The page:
Planter workshop

Planter workshop

This is a case study to show how a workshop around building a planter outside the school’s main office had a positive impact on the curriculum.

Project aims

The aim of the project was to give the children an input into their school development and to show them what is involved in different work roles.

The demonstration took place on 29th January 2016. The children were primarily a class from Year 4 and were later joined by others from Year 5 & 6 when we started planting. We took the children outside to where the planters were being built. Once we arrived a Hiab wagon (a lorry with its own crane) came into the school and was carrying bags of soil to fill the planters.

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We talked to the children about the weights of the bags being 1 tonne and how that was equivalent to 1,000kg. We then discussed how much they thought the lorry weighed and how much it could carry, some children guessed 10 tonnes. After asking the driver he told us it weighed 7.5 tonnes and could carry a load of 6 tonnes. This part of the workshop was all focused on maths.

We also talked to the children about the job of the man controlling the crane arm and what he was using to control it. We then took the children over to a bench saw that we had set up for the demonstration. We explained all the safety equipment such as protective glasses and ear defenders then showed the children set squares and angle finders and asked the children to identify the different angles, which directly linked to their maths lesson planed for the next day.

Positive outcomes

The children had previously looked at weights such as grams, kilograms and tonnes in their lessons but had no idea of what these weights looked like. Mrs Freer stated that the children ‘don’t have any concept of what a tonne looks like so this gave them a physical and visual connection which strengthened learning’.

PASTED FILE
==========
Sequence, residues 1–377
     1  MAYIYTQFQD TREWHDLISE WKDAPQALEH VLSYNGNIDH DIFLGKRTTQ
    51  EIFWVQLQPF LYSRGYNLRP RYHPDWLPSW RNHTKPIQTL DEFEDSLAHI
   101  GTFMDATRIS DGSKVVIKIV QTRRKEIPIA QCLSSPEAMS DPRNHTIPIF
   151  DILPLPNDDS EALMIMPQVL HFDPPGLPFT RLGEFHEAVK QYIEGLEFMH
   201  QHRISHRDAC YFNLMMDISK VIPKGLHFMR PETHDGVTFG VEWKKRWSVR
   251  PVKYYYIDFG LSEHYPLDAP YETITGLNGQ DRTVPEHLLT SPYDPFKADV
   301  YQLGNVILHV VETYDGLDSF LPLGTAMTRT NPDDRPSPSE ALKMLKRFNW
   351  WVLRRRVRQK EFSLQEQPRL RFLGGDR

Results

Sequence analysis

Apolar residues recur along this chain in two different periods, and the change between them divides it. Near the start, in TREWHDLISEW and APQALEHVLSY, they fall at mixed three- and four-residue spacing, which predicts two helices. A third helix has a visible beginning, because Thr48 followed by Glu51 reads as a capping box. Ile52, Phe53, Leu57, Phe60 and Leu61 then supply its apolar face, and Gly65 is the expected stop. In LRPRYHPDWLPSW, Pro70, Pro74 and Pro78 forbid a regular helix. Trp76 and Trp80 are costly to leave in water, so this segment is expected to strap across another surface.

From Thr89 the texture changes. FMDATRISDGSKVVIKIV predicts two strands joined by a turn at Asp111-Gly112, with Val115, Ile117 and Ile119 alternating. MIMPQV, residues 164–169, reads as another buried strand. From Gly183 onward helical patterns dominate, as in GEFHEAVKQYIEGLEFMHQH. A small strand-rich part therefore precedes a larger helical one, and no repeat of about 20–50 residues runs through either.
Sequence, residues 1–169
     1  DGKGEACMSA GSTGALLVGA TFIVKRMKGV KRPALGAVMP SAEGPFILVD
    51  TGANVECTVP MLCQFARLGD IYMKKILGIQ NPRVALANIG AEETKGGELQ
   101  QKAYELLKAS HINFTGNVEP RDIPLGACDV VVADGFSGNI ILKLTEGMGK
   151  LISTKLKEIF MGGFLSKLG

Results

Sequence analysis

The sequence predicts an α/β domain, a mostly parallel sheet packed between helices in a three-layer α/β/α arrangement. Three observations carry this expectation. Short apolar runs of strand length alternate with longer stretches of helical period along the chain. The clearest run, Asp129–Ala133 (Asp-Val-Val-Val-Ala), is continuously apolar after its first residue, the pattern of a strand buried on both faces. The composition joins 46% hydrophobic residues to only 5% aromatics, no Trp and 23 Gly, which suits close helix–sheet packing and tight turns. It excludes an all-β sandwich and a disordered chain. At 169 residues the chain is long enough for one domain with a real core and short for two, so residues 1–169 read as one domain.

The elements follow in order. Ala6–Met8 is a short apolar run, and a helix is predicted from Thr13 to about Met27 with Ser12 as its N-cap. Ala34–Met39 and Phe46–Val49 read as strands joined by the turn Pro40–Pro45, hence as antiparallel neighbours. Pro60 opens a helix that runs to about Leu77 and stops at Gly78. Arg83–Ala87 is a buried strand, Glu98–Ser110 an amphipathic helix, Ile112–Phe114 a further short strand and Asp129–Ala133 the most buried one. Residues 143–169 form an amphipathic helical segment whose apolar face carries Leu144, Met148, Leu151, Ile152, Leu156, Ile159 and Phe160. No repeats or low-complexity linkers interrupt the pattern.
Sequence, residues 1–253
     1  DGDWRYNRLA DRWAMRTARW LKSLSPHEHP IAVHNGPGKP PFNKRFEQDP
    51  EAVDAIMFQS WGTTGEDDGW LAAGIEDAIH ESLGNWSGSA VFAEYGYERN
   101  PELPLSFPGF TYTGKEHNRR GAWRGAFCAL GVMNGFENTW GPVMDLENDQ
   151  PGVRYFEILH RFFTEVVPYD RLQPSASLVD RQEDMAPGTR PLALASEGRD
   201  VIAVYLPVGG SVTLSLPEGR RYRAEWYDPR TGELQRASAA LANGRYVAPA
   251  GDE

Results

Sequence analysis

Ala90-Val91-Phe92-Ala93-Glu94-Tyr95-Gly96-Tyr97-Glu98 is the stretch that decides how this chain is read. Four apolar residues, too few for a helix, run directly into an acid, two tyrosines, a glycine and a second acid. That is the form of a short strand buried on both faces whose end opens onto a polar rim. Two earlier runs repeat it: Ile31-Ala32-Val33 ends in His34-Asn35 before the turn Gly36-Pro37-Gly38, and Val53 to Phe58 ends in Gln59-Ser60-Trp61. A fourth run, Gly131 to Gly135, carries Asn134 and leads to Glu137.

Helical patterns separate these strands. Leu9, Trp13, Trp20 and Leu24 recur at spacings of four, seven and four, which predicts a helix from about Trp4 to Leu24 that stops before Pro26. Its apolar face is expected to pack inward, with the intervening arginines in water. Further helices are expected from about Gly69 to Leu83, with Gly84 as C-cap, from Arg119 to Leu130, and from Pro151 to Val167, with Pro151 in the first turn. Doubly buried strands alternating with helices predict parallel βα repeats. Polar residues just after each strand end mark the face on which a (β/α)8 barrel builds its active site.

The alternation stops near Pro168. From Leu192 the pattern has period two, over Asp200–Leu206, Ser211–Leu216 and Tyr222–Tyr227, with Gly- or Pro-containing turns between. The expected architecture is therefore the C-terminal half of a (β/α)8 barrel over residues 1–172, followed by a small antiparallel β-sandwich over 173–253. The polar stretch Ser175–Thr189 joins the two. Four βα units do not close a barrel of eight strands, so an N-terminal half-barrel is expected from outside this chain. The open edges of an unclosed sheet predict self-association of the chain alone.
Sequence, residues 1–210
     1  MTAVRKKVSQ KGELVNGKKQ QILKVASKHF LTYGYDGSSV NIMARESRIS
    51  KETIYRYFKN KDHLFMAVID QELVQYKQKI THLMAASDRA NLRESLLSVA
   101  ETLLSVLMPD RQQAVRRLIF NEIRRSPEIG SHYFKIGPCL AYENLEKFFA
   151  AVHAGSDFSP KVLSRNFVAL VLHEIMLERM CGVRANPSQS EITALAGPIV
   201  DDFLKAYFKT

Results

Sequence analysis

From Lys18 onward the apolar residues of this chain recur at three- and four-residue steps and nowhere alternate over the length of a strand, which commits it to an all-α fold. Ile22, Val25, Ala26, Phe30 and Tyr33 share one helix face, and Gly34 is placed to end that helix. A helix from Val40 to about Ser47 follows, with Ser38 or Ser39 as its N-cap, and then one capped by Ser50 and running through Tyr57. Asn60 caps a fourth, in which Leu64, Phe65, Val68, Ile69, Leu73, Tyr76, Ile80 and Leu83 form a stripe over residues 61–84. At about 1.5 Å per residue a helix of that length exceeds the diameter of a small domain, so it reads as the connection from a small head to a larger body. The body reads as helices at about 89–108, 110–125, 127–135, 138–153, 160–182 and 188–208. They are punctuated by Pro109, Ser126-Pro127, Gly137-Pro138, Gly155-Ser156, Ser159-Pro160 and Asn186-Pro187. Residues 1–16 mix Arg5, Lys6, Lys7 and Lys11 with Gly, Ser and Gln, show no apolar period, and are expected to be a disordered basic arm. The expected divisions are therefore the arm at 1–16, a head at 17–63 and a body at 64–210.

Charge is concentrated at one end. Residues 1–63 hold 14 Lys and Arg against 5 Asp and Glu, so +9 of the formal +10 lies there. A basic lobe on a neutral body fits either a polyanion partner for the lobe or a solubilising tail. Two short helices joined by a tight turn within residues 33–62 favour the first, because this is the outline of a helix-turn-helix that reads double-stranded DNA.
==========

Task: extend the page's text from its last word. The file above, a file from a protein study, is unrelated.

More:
Another positive outcome was looking at angles, as the children’s next maths lesson was to be focused on angles. The children all remembered the angles that we had talked about and had shown them. Mrs Freer said ‘we talked about the angles from a practical point of view which strengthened learning as the children had something to link back to’.

We were also able to introduce the children to the jobs of a joiner or carpenter who would use angle finders and squares and why they need to learn them which helps build for the future.

The children got an important learning opportunity which they loved. Now whenever the children see the planter, they will have a reminder of what they learned that day – Mrs Freer, class teacher

The future

We are currently designing the EYFS area for the school and will be constructing a mud kitchen for them as the first phase of the work. Again, this will involve the children and will create more opportunities to bring life to the curriculum and the different roles involved in peoples jobs. We intend to undertake a series of workshops for the children linked to the EYFS grounds projects helping to support teaching and learning in new and exciting ways.

Where it is not possible to directly involve the children, we intend to present additional demonstrations enabling the children to get involved by making mini models of some of the project items. We would like to extend our special thanks to Mrs Bramhall, the Head at Sacred Heart Primary School, for her support and forward thinking by enabling us to demonstrate new and exciting ways to use school grounds to encourage teaching and learning in a variety of ways. We are delighted at the number of positive outcomes and hope that by sharing this case study, other Primary schools will be inspired to try new approaches.